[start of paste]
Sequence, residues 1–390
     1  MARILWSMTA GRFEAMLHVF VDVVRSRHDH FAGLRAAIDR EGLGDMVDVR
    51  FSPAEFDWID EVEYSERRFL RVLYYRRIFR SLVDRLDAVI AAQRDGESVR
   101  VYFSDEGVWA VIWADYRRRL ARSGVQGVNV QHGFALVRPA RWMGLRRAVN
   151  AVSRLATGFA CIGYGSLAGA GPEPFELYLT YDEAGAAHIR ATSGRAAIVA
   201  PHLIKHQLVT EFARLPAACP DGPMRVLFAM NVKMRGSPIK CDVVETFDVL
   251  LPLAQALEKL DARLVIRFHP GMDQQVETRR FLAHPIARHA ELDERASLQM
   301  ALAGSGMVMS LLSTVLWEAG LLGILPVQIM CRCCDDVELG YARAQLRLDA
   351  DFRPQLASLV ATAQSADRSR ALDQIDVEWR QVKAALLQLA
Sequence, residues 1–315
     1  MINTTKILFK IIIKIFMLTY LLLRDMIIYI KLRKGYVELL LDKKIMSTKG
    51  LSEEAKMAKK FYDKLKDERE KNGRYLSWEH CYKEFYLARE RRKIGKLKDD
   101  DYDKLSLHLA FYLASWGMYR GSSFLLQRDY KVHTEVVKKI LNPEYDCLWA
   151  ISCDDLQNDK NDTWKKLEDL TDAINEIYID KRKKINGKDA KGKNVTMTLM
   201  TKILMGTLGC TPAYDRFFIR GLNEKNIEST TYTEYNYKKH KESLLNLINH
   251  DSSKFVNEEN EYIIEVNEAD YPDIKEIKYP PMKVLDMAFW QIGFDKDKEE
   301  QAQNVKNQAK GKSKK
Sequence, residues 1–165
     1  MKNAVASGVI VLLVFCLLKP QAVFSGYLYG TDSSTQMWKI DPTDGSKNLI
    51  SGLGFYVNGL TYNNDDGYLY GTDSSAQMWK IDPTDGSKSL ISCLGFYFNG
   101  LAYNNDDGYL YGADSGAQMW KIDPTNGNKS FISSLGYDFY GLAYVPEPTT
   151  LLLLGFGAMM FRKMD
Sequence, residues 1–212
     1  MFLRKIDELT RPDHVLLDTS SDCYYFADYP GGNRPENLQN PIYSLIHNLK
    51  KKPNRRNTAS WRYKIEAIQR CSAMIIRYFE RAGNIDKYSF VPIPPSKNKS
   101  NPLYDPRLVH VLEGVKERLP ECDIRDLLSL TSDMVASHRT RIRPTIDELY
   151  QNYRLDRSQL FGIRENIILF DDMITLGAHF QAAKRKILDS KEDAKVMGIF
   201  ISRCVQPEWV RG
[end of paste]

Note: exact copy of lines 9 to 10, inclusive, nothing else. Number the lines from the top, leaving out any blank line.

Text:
   351  DFRPQLASLV ATAQSADRSR ALDQIDVEWR QVKAALLQLA
Sequence, residues 1–315